Interferences of glycerol, propylene glycol and other diols in the enzymatic assay of ethylene glycol

Laboratoire de Biochimie, Centre Hospitalier Chubert, Vannes, France.
European journal of clinical chemistry and clinical biochemistry: journal of the Forum of European Clinical Chemistry Societies (Impact Factor: 1.49). 09/1996; 34(8):651-4.
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As an alternative to gas chromatography, the enzymatic UV assay of ethylene glycol is often used by emergency laboratories. Many variants of this technique have been published, all based on the reaction between NAD(+) and ethylene glycol in the presence of glycerol dehydrogenase (EC We show that other alpha-diols interfere in this reaction. Some of them, like 2,3-butanediol, give false positive reactions; whereas other diols, e.g. glycerol and propylene glycol, interfere only when ethylene glycol is present in the sample and lower the ethylene glycol response; these interferents are of particular concern because some parenteral drugs used in emergency situations contain glycerol or propylene glycol in their vehicle. This drawback has hitherto been largely underestimated, and we think that ethylene glycol results obtained with these enzymatic techniques should be interpreted with caution, even if the sample is pre-treated with glycerokinase (EC; this pre-treatment effectively corrects the glycerol interference but not that of propylene glycol.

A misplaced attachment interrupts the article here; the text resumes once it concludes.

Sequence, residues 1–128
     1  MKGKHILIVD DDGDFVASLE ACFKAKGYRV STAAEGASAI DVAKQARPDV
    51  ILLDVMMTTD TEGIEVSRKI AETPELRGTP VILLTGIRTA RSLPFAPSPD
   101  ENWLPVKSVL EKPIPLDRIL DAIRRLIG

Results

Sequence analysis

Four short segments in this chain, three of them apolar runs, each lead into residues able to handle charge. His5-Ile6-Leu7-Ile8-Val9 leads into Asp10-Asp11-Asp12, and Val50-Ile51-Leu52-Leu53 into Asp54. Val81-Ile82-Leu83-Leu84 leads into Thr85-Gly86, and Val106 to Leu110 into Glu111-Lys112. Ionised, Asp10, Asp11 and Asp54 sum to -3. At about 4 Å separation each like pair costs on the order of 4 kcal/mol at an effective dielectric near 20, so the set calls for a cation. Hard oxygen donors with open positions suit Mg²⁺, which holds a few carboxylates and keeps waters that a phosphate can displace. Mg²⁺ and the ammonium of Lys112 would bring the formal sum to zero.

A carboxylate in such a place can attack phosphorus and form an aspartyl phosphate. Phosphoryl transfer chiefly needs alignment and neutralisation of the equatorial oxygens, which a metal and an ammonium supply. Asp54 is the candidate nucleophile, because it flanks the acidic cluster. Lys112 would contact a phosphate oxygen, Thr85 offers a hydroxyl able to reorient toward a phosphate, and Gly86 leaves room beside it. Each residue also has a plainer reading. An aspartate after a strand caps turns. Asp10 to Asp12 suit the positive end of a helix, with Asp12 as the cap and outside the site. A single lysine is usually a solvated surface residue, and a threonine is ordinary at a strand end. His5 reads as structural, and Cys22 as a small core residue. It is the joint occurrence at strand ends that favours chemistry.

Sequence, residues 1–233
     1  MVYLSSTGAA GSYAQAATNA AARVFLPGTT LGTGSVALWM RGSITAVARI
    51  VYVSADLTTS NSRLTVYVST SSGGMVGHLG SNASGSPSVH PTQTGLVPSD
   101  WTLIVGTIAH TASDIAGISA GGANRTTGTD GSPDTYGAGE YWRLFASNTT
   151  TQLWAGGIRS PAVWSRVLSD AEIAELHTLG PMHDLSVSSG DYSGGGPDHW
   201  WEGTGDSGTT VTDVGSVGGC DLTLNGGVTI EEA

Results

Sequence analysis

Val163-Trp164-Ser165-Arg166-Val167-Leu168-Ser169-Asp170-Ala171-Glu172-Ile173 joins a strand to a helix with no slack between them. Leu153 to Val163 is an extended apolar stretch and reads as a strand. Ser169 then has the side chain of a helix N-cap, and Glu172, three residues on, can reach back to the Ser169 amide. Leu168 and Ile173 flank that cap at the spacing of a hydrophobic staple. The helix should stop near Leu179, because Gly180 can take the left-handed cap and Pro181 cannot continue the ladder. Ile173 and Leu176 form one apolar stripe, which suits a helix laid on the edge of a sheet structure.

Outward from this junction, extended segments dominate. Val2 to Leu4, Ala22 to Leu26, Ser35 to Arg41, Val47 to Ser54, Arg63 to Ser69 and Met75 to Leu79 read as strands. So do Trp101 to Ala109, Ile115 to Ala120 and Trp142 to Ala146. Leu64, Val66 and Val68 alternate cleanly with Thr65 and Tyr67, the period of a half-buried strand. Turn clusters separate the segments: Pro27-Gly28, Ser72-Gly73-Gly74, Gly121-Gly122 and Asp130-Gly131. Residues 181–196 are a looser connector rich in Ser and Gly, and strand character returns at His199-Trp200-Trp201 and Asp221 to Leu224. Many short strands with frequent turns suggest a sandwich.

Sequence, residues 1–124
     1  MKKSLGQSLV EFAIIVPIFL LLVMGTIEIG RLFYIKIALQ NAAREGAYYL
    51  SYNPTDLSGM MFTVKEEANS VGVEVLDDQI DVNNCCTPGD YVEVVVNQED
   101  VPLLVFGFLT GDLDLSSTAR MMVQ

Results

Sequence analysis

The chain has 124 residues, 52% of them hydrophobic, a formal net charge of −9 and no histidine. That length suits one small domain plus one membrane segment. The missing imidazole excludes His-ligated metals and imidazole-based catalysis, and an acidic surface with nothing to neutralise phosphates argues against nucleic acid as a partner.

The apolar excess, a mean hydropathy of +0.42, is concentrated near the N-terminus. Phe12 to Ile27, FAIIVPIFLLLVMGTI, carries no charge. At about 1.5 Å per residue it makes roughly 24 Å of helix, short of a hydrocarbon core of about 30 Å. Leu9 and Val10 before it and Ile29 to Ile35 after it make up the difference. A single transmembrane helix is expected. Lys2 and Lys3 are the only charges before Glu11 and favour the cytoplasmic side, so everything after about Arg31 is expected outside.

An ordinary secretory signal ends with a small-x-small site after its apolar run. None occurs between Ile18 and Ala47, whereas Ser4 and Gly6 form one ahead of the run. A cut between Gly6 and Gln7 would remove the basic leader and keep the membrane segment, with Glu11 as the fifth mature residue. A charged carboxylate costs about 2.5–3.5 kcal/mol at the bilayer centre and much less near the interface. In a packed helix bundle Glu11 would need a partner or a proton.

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    • "). Propylene glycol has also been reported as an interferent in enzyme assays for ethylene glycol (Malandain & Cano 1996; Juenke et al. 2011). Our study demonstrates that propylene glycol may be detected in patients who have ingested ethylene glycol, with iatrogenic drugs such as intravenous lorazepam or activated charcoal being common sources of propylene glycol. "
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